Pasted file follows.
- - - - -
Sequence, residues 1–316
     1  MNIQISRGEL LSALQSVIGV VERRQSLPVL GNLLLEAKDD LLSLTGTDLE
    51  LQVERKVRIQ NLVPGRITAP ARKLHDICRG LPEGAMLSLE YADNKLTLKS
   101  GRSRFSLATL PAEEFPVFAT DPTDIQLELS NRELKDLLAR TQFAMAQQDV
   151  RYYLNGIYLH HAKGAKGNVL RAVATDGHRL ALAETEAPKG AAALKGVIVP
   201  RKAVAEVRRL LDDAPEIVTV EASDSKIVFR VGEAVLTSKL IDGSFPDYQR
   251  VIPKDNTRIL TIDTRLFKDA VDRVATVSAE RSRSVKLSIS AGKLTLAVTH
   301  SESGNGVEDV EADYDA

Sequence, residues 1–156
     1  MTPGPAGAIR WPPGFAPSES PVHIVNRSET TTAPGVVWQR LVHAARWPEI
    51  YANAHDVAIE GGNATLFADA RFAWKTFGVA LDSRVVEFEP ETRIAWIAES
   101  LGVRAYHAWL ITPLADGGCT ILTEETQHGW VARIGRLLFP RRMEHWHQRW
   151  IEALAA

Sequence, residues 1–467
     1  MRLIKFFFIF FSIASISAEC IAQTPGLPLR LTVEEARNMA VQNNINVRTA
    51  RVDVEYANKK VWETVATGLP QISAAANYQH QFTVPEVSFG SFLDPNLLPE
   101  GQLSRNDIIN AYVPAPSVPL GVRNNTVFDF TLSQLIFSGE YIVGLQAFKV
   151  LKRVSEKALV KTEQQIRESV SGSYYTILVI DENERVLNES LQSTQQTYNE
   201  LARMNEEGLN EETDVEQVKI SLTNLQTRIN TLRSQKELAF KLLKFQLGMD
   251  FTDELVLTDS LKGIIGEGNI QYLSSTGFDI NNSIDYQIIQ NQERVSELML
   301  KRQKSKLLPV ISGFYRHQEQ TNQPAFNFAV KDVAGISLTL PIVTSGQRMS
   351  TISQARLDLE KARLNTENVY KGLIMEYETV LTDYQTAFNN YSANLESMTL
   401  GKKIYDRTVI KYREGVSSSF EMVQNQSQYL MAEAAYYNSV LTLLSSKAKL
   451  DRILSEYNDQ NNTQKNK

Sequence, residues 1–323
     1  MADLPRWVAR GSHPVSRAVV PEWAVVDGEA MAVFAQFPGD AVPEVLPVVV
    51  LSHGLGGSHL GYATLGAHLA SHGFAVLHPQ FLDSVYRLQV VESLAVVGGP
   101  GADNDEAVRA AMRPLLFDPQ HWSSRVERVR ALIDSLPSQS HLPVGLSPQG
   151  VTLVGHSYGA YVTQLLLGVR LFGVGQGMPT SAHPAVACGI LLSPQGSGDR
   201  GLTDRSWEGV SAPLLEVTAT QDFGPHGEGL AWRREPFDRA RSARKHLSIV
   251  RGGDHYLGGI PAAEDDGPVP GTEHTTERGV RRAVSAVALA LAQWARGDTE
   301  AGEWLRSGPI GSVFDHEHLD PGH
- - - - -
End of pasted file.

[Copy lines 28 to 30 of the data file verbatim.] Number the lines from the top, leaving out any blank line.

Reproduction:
   101  GADNDEAVRA AMRPLLFDPQ HWSSRVERVR ALIDSLPSQS HLPVGLSPQG
   151  VTLVGHSYGA YVTQLLLGVR LFGVGQGMPT SAHPAVACGI LLSPQGSGDR
   201  GLTDRSWEGV SAPLLEVTAT QDFGPHGEGL AWRREPFDRA RSARKHLSIV